Let the floodgates open. Medical marijuana can be used by Floridians, but it can only be consumed or vaped, not smoked. It allows patients to use cannabis pills, oils, edibles, and “vape” pens with a doctor’s approval, but bans smoking.
“The constitutional amendment was passed overwhelmingly, and I’m glad the House and Senate were able to come together for a bill that makes sense for our state,” Florida Governor Rick Scott said. He signed legislation, also known as SB-8A in June to implement the medical marijuana amendment voters approved last year. Amendment 2, sanctioned by 71 percent of the voters in November, took effect on Jan. 3 and required that laws had to be in place by July 3 for how patients can qualify and receive the drug.
Lawmakers passed the measure in a special session after failing in their regular session that ended in May to implement a constitutional amendment legalizing the drug. Yet haziness concerning the law runs rampant.
Specifically, patients who suffered from epilepsy, chronic muscle spasms, cancer, and terminal conditions were allowed under laws Scott signed in 2014 and 2016 to receive either low-THC cannabis or full strength medical marijuana. This new law adds people with HIV and AIDS, glaucoma, post-traumatic stress disorder, ALS, Crohn’s disease, Parkinson’s disease, multiple sclerosis, and other similar conditions.
Patients will be granted a 70-day supply of medical marijuana with two refills. SB-8A eliminates the 90-day waiting period before a physician can prescribe medical marijuana to a patient and outlines the requirements to qualify as a caregiver for someone who uses medical marijuana. SB-8A does not levy a tax on medical marijuana. In order to prescribe medical marijuana, physicians are required to take a course through the Florida Medical Association or Florida Osteopathic Medical Association costing $500.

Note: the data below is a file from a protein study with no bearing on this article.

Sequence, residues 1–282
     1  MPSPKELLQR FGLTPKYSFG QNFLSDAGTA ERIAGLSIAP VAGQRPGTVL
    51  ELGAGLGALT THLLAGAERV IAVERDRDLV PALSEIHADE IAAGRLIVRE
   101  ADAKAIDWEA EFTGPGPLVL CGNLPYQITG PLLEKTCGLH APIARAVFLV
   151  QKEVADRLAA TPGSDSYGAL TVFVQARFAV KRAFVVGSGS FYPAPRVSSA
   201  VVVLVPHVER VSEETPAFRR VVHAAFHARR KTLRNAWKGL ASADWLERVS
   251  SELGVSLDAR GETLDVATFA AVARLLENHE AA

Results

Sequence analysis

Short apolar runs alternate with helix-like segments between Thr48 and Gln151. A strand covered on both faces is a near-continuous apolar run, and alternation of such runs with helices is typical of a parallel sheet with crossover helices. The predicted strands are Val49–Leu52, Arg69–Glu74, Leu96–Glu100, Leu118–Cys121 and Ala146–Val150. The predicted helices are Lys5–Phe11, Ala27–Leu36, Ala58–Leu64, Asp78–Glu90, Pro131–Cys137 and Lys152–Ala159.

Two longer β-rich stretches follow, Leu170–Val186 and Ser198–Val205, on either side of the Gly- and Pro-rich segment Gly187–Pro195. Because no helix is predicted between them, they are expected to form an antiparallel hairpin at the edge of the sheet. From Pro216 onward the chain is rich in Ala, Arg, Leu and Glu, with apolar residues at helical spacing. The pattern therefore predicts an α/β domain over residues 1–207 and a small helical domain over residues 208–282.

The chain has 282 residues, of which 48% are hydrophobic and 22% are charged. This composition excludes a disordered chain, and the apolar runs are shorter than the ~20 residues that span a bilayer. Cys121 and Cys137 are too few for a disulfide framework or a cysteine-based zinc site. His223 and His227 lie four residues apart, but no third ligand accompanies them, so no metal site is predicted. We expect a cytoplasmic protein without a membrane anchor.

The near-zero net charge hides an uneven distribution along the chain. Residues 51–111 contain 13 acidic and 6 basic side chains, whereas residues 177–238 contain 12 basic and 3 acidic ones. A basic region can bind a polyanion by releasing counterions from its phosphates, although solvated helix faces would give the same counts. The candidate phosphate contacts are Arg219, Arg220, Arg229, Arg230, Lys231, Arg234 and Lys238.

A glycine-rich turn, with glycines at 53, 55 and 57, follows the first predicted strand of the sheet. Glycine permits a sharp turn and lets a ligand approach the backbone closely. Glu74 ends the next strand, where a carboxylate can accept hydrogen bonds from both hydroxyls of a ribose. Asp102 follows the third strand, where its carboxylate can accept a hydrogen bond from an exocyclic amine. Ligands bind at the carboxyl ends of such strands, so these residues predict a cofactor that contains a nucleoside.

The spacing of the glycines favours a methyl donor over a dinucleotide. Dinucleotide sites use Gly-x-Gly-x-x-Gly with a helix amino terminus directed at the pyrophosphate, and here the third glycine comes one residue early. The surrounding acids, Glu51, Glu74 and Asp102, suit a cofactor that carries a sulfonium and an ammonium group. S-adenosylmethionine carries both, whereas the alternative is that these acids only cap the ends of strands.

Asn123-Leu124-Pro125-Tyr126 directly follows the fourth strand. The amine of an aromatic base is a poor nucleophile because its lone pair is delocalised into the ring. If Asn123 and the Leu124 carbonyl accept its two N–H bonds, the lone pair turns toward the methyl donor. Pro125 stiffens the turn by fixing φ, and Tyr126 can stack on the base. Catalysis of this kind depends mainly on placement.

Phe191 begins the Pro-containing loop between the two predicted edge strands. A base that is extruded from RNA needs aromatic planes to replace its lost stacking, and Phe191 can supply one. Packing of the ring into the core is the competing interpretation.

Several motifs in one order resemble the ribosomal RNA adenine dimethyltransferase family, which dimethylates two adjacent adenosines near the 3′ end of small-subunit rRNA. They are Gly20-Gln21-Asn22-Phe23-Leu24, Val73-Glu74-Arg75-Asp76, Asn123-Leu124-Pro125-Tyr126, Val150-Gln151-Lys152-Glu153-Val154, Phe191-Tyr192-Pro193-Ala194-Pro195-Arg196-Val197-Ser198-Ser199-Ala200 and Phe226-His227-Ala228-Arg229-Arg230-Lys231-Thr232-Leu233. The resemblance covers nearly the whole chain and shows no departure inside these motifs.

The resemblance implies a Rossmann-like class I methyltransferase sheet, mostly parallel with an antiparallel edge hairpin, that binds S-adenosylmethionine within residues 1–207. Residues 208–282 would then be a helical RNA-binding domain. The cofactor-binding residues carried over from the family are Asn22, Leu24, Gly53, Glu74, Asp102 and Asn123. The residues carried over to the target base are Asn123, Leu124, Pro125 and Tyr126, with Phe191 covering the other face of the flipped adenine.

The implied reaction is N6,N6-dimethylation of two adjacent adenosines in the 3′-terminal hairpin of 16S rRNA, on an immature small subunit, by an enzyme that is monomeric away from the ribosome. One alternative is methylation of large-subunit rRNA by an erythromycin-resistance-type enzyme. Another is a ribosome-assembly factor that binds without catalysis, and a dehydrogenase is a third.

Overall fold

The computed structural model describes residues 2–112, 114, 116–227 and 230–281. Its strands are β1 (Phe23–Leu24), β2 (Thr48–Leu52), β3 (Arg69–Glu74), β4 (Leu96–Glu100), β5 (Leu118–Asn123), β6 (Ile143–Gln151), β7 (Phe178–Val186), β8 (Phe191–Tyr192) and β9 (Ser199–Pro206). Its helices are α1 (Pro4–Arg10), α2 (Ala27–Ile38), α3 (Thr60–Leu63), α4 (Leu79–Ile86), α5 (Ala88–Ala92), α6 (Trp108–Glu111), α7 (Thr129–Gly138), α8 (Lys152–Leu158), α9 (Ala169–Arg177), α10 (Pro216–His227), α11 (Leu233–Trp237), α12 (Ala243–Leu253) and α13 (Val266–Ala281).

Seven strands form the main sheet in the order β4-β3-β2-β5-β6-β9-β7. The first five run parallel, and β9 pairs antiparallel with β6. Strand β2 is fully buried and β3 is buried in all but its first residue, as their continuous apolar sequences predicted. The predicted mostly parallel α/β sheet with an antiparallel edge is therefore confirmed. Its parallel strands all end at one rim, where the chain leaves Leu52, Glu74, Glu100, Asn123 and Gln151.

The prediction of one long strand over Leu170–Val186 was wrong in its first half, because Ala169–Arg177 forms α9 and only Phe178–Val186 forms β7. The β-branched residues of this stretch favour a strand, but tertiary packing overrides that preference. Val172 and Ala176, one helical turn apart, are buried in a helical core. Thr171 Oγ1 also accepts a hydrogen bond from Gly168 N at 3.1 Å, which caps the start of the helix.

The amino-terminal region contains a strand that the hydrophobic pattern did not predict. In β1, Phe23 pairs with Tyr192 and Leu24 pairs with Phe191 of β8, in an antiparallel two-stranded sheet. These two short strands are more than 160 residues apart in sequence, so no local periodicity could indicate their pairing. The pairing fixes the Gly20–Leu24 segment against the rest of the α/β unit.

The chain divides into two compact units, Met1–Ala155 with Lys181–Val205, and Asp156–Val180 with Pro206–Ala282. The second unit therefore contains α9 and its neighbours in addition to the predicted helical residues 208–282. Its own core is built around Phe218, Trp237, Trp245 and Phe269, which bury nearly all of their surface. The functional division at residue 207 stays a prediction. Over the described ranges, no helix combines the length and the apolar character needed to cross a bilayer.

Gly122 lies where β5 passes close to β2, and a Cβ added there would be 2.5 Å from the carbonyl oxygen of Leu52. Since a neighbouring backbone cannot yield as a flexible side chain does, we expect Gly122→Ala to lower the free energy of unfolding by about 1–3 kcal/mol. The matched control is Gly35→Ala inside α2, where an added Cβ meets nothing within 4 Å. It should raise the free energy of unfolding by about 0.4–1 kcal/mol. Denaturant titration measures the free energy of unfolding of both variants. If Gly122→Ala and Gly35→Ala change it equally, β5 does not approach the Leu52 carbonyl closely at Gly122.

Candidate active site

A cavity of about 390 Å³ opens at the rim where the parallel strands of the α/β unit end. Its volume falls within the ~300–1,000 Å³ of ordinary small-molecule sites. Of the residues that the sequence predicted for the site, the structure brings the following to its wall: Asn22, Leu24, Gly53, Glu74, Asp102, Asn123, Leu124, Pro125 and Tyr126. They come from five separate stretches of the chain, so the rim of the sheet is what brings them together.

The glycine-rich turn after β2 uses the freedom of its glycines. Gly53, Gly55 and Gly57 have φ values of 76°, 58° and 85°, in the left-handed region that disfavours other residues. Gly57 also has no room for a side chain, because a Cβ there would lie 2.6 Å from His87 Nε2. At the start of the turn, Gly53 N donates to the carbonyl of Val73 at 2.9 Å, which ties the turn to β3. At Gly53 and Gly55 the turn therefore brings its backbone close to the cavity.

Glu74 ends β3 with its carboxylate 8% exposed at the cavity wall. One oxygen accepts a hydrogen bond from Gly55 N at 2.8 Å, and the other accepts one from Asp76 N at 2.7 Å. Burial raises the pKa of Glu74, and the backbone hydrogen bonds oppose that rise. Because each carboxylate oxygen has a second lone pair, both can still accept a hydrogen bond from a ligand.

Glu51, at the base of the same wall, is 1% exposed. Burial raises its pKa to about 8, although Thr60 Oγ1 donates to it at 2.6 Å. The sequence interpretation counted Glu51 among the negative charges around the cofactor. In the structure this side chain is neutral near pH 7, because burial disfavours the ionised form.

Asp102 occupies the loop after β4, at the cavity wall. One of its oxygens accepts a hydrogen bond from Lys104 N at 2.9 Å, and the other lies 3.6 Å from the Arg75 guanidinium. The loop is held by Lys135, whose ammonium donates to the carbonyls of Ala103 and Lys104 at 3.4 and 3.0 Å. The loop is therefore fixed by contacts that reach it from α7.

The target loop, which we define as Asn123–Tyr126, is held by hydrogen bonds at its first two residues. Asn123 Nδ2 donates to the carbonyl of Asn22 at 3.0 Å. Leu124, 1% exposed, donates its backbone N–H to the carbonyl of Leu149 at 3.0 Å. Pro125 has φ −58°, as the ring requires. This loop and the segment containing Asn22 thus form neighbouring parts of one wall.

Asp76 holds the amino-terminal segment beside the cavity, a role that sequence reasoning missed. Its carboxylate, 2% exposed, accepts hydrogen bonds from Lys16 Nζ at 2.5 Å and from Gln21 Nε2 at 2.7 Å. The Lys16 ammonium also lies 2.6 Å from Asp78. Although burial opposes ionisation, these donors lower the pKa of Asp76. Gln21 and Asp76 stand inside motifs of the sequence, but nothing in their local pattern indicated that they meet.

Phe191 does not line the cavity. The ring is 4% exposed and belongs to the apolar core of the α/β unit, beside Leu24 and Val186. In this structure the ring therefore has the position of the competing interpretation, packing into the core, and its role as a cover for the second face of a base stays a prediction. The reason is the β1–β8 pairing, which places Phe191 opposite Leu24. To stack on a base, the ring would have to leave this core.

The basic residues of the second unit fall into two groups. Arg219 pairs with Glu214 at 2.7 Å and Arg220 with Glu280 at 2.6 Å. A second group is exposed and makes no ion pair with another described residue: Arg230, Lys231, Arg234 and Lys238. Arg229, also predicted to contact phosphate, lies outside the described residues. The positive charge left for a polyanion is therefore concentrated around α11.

The legislation also paves the way for 10 more medical marijuana treatment centers by Oct. 3 in addition to the seven already operating. Florida continues to follow in the footsteps of 29 other states in the march towards legalization of marijuana in the face of Gonzales v. Raich, 545 U.S. 1 (2005). That Supreme Court decision upheld the federal government’s authority to regulate marijuana but it did not restrict the authority of state governments to make their own laws about marijuana. Nor did the Court rule on the specific issue of whether Congress intended the Controlled Substances Act (CSA) to preempt California’s medical marijuana statute. Prohibitionists oversimplify this ruling as being a ban on medical marijuana.
In an influential dissenting opinion, Justice Sandra Day O’Connor expressed concern about “excessive federal encroachment” on the “historic sphere of state sovereignty.” The dissent correctly emphasized that in the United States’ federalist system, the states play an important role as “laboratories” for “novel social and economic experiments,” and criticized the application of the federal CSA as “extinguish[ing] that experiment.” Whatever you think about medical marijuana, positive or negative, the problem is that marijuana is still illegal under federal law.